top of page
Fliegen ohne Flügel Jean-Philippe Dordolo

cumulus clouds

a clattering of jackdaws

rearrange their pattern


Alan Summers, Blithe Spirit vol. 20 no. 3 (2010)


Jean-Philippe Dordolo’s work plays with the idea of representation, figuration and gesture. His approach is as humorous as it is complex and layered. Pieces range from made objects and drawings, and extend further into performance. His influences and processes cross reference each other and borrow a variety of ideas - from art history to culture at large.


The exhibition Fliegen ohne Flügel ('Flying without Wings’) features a series of wall works exploring the reverse process of mark-making. They refer to certain traditions in painting - portraiture, still life, landscape. In this instance they exist as trompe-l’oeil casts objects made of a single block of polymer compound. With their form moulded from the back of a stretched canvas, the process is essentially the reverse to that of a painting. The foreground is applied first before the artist painstakingly works his way toward the background of the image. The medium is unforgiving, it sets fast so mistakes can’t be made as, unlike with traditional painting, they cannot be fixed or covered. The final image is revealed as a whole once all layers have been applied and the cast painting is extracted from its mould. The reversal of perspective and process in Dordolo’s work aims to question preconceived ideas of how we make and perceive art: how it is viewed and disseminated.


With his series of smaller cast paintings Politiks, Dordolo borrows from still life and addresses his interest in monotony and the everyday. The works describe a range of unlikely tableware compositions at a dinner table, and the potential disengagement of the choreographer from the scene. Jesters and Comedia dell Arte figures are another recurring motif, showing the influence of Italian painter Giandomenico Tiepolo, who’s series of works featuring the protagonist Punchinello sought to playfully poke fun at the pretensions of the viewer.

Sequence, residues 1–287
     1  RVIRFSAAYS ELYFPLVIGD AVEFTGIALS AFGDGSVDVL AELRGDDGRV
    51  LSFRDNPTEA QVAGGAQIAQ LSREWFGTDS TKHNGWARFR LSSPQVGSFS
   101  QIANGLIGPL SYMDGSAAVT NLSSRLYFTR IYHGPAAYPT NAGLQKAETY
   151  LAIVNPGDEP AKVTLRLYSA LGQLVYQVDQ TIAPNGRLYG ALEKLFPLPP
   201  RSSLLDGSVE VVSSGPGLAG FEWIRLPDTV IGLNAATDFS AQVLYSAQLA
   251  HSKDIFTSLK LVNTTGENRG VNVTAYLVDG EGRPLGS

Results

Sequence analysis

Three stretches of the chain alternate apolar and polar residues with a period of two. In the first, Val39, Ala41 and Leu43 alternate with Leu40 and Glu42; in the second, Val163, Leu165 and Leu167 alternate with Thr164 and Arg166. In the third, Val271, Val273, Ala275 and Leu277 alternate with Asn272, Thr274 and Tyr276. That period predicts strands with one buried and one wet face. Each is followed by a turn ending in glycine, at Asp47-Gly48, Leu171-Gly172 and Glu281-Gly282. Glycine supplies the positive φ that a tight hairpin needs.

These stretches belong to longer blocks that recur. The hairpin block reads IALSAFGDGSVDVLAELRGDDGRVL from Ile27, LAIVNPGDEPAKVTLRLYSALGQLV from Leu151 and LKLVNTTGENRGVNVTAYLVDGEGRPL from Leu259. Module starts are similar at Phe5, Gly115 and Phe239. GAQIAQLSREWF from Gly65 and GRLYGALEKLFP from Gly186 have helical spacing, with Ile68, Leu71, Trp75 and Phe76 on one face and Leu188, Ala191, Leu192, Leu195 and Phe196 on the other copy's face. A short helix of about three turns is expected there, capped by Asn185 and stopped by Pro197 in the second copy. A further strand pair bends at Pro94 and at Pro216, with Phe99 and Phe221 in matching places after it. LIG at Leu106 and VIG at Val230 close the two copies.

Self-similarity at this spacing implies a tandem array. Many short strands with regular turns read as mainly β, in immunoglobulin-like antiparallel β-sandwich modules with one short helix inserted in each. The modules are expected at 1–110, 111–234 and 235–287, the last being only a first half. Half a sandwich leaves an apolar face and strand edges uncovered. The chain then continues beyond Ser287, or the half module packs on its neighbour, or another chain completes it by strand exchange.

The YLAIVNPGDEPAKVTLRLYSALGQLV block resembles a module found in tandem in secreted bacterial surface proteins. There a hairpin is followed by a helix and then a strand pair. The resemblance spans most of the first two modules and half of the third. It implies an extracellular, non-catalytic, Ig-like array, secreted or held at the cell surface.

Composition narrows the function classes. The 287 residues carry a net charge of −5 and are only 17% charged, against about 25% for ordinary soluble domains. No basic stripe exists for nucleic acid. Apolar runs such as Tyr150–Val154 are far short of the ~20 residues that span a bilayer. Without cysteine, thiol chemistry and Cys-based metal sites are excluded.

Both the use of masks and parrots are used to raise questions about identity: what is copied, revealed or concealed. While a mask disguises the face and emotions of a protagonist, a parrot may often be (perhaps wrongly) accused of mere mimicry to please an audience. They draw a line of tension between the known and the unknown, the familiar and the fantasy.


Jean-Philippe Dordolo (b. 1981 Orange, France) studied his BA at Byam Shaw / Central St Martins, London (UK). He has exhibited nationally and internationally at The Cut, Halesworth, Centrum, Berlin, Edinburgh Sculpture Workshop, Edinburgh, Bermondsey Project, London, Bohunk Institute, Nottingham, AIR Archway, London, Art First Projects, London, Large Glass, London, amongst others. Residencies include: Centrum, Berlin, Triangle Workshop, NY, Micro Residency, Edinburgh Sculpture Workshop, Edinburgh,Vinyl Site / Vinyl Art Space, Birmingham, and Ambit Drawing Residency, Norfolk (UK). He is currently carrying out his MFA in Fine Art at the Slade School of Art, London.



Saatchi Gallery, Duke of York's HQ, King's Rd, Chelsea, London SW3 4RY

bottom of page